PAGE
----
If you’re living with eczema — often called atopic dermatitis — you may be searching for skin care products or nutritional supplements that can help improve your skin symptoms. Among the array of products marketed to help control dry, itchy skin — including topical soaps and probiotic drinks — you’ll often see common ingredients. Goat’s milk is one of them.
“I was wondering whether anybody has experience using goat’s milk to help eczema?” one MyEczemaTeam member asked. “I’ve seen reviews of both using goat milk soap and drinking goat milk supposedly helping skin. Has anyone experienced this?”
Although research on the benefits of goat’s milk for treating eczema is currently limited, some people with eczema have reported positive results. Here’s what you need to know about the potential benefits and risks of using goat's milk to help with your eczema symptoms.
Goat’s milk — a dairy milk option that can be found in most local grocery stores — is considered a nutritionally rich drink filled with protein, fatty acids, and carbohydrates. It can be processed in many ways for consumption, including pasteurization and filtration, to enhance its flavor and shelf life.
On store shelves, you can find a variety of goat’s milk products including cheese, yogurt, and kefir (fermented milk). Not all goat’s milk is created equally. Goats that were raised freely on pastures generally produce milk that has a higher nutritional content.
Goat’s milk is also a primary ingredient in many beauty products, including moisturizer, soap, and body wash.
Goat’s milk can be used in a variety of ways, including in your diet and on your skin. One MyEczemaTeam member discussed swapping out cow’s milk in their diet with goat’s milk. “Goat’s milk is easier for me to digest than cow’s milk, reducing inflammation within the guts.”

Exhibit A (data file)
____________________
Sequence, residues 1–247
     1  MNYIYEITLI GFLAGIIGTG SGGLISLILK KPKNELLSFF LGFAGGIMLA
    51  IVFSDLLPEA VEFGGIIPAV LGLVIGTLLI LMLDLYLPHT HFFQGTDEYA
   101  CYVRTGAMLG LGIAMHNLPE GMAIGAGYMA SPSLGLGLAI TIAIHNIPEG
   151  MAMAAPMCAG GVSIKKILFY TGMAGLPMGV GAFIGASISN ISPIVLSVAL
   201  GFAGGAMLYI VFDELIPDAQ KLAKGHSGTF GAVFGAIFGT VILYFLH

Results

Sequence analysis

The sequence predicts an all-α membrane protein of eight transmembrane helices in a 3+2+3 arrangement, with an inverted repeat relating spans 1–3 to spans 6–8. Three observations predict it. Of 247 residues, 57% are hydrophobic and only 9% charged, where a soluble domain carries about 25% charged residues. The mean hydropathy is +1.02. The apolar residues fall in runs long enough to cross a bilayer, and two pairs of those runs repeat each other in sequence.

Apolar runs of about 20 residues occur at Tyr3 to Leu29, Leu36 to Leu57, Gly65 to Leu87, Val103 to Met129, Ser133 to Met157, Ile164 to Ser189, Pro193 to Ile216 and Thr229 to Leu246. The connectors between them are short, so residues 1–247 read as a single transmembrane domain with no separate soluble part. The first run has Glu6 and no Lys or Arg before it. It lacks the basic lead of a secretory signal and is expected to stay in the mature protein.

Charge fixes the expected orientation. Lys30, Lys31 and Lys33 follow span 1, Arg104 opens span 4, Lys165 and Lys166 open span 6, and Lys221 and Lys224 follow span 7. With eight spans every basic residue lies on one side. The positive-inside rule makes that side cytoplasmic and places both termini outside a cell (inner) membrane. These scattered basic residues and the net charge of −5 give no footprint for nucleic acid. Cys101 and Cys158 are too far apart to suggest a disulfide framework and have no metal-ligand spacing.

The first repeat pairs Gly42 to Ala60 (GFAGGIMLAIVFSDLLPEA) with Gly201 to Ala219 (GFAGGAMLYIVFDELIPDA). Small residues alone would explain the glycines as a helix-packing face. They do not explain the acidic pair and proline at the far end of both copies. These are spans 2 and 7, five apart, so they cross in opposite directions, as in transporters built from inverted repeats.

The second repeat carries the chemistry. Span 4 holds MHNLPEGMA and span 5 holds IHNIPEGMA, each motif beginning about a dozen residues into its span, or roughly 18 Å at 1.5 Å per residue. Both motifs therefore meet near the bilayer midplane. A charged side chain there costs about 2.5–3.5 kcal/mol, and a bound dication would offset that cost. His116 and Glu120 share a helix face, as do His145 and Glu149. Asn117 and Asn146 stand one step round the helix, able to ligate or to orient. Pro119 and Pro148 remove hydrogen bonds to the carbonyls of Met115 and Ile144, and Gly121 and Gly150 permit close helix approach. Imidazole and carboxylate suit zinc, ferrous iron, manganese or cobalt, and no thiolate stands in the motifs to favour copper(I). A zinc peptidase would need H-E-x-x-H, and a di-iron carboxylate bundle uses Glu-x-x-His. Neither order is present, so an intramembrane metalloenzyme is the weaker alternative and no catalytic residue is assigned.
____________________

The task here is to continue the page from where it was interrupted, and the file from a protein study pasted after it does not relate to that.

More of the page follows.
Eczema is an inflammatory disease that has some ties to what you eat. Eczema can be triggered by food sensitivities or allergies, and by removing a trigger from your diet, you may see positive results on your skin. However, according to the NHS, many of the triggering ingredients found in cow’s milk are also found in goat’s milk, so this substitution is not recommended for people with intolerance to dairy products.
Other members discuss topical uses for goat’s milk to directly prevent and treat eczema flares and nourish sensitive skin. One MyEczemaTeam member shared, “I use a soothing lotion with goat milk and lavender. They have lilac and other scents, or you can buy it fragrance free.” Another member shared, “I use goat milk soap from a farm in Indiana where I live. The one that I use is unscented.”
Keeping skin moisturized is essential to preventing eczema flare-ups, and goat’s milk is one of many primary ingredients — along with olive oil, oatmeal, shea butter, and more — found in moisturizers and lotions.
Some members report benefits from using goat’s milk products. One member said, “I love goat milk soaps without scents. They are moisturizing and do not irritate my skin.” Another agreed: “I’ve used goat’s milk soap and found that it did actually help soothe my itching!”
However, what works for one person might not work for everyone.
At this time, research on goat’s milk and eczema is lacking. According to the National Eczema Association, there is limited clinical evidence about the effectiveness of probiotic beverages, which are commonly made from goat’s milk, in helping to treat eczema. This and other organizations have not released statements on the effectiveness of goat’s milk for eczema. Additional studies must be done on large populations of people with eczema in order for doctors to be able to recommend this ingredient.